South London’s new ‘pocket flats’ will prevent NHS staff from leaving the capital
A block of approved ‘pocket flats’ in south London will halt the exodus of NHS staff from the capital by allowing them property-wide access, a nurse has said. Lambeth Council has approved the construction of 35 one-bedroom apartments by affordable housing developer Pocket Living on the site of a former bowling green in Streatham.
House hunters will be able to snap up Leigham Court Road apartments for 20% off market prices. Only people living or working in Lambeth will be able to buy them.
Aeron Suarez, a nurse at King’s College Hospital, said the cut-price flats were the only shot he had at the property ladder in London. Speaking at a planning meeting on February 22, the 34-year-old said: ‘For an NHS worker like me it can take a long time to afford a house so I’ve been really excited when i heard about pocket living as a given opportunity for key workers. like me to enter the property ladder.
“With property prices as high as they are in the borough, being able to own one of the 35 20% discounted homes in Leigham Court Road is realistically the only way for me to owning a home close to my work and a community I feel like I belong to. People often say that if I want to buy a property I should leave London… but being close to my workplace, my friends… is very important for my personal development and well-being. Key workers are the beating heart of Lambeth, but without proper accommodation you risk losing them.”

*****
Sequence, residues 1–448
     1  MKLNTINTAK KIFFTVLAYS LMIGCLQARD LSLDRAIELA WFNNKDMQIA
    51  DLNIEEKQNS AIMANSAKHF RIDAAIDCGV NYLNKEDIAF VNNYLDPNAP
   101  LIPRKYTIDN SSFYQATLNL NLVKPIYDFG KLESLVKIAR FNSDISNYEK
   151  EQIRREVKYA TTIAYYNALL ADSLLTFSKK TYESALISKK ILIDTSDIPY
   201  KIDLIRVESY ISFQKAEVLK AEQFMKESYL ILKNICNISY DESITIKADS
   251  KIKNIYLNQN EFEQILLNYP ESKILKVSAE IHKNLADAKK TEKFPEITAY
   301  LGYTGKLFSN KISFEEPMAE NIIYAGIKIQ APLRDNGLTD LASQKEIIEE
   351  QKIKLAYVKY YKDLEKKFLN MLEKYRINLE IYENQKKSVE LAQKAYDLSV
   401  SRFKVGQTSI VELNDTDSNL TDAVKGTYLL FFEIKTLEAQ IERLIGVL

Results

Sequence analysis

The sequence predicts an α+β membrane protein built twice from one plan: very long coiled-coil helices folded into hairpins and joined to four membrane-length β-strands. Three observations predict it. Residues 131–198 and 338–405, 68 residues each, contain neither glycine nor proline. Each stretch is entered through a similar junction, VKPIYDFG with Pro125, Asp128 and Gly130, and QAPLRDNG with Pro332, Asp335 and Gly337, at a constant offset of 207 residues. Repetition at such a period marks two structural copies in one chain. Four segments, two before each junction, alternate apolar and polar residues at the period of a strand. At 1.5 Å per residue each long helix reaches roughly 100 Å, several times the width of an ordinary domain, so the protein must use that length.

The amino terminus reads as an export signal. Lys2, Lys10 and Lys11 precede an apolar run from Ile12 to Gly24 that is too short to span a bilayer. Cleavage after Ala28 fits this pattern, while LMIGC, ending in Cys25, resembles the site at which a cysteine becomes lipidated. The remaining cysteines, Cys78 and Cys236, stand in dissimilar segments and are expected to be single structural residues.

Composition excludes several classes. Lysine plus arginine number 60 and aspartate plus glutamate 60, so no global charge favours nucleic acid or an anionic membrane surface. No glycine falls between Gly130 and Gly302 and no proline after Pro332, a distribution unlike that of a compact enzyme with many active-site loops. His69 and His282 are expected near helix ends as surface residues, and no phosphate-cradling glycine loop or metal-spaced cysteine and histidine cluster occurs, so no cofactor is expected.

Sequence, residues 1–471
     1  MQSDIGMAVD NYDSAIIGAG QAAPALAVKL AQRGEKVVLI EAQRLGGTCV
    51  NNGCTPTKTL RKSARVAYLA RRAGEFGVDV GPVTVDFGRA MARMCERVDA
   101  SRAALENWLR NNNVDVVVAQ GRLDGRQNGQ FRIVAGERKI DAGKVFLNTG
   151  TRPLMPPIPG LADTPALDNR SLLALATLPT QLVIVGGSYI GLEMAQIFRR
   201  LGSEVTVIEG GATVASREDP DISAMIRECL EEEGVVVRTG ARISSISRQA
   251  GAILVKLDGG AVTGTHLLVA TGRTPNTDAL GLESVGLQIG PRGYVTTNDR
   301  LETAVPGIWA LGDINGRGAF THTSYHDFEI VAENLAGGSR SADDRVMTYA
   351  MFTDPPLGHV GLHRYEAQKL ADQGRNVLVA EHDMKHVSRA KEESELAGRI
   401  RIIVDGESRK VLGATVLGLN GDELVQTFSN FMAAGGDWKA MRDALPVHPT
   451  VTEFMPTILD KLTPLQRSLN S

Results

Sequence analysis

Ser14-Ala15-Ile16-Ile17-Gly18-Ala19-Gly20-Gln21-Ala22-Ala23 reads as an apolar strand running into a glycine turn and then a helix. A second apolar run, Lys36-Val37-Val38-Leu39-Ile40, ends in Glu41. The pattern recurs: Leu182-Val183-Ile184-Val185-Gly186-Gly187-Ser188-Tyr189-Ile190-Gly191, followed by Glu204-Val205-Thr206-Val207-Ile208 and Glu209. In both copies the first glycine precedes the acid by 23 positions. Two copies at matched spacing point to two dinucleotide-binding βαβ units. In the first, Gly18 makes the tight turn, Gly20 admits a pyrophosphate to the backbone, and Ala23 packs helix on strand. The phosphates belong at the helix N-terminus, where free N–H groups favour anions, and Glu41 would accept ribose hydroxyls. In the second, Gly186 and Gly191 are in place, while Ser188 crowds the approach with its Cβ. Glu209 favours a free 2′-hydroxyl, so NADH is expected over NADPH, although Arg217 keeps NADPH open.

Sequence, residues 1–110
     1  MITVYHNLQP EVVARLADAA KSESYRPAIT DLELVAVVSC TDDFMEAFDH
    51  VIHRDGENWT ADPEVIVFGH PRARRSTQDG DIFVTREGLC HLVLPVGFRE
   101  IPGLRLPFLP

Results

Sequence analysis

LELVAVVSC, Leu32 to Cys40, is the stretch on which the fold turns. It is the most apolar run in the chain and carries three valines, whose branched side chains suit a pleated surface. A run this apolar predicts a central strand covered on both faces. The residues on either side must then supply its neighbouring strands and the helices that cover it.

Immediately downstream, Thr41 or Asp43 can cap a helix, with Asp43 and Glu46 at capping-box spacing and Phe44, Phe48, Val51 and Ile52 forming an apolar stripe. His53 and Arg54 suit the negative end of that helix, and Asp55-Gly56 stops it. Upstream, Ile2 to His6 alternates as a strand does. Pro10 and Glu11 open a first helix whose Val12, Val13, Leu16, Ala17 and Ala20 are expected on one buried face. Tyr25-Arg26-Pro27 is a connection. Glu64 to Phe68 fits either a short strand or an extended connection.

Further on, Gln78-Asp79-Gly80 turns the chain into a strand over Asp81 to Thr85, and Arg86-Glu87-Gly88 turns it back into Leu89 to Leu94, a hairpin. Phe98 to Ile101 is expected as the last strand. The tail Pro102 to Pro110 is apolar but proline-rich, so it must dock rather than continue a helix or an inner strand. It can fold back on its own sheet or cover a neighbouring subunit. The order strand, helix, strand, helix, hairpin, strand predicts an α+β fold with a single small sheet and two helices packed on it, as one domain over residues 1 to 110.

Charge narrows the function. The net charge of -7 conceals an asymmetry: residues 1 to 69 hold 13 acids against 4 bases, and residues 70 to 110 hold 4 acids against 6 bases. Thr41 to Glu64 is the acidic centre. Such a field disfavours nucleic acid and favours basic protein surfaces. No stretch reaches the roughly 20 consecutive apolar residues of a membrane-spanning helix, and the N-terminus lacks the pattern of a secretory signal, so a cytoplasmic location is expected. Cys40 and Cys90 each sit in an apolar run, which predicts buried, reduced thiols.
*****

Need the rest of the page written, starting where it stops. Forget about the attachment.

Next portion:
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But Streatham resident Jennifer Dixon criticized the planned development, saying it was affordable in name only and would mean residents would lose green space. She said: “This development removes a community asset. It deprives thousands of residents of the potential of community open space.
“The development is branded as truly affordable housing. It’s not. Sadiq Khan has abandoned this conservative definition of 80% of the market rate. They are not intended for families. They are for singles. They are aimed at the top 10% earners in the UK. Teachers, nurses, police officers cannot afford it. It’s not affordable.”
The developer, Pocket Living, said the homes will give first-time local buyers the opportunity to move up the property ladder, when they might not otherwise be able to afford market prices. Prospective buyers must not own another property and the apartments will be available at 20% below market prices for the first six months of their listing.
Pocket Living said it has more than 1,000 people listed on its database interested in buying one of the homes. A listed building will be partially demolished to allow access to the planned apartments. Councilors approved the apartments by majority vote at a planning meeting on February 22.